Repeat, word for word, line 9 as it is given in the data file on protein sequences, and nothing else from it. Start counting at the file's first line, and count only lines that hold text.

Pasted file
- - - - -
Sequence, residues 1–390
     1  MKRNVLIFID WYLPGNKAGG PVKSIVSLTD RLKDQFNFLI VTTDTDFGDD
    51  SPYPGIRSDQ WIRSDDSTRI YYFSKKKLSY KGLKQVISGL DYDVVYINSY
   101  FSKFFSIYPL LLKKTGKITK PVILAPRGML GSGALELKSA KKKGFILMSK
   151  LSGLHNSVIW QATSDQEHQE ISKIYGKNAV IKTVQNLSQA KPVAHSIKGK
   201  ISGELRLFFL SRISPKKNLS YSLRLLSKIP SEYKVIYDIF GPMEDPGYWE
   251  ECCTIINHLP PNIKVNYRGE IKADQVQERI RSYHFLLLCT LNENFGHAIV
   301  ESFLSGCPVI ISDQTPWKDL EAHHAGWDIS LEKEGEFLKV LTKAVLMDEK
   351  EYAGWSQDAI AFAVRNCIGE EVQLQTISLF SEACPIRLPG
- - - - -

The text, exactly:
   351  EYAGWSQDAI AFAVRNCIGE EVQLQTISLF SEACPIRLPG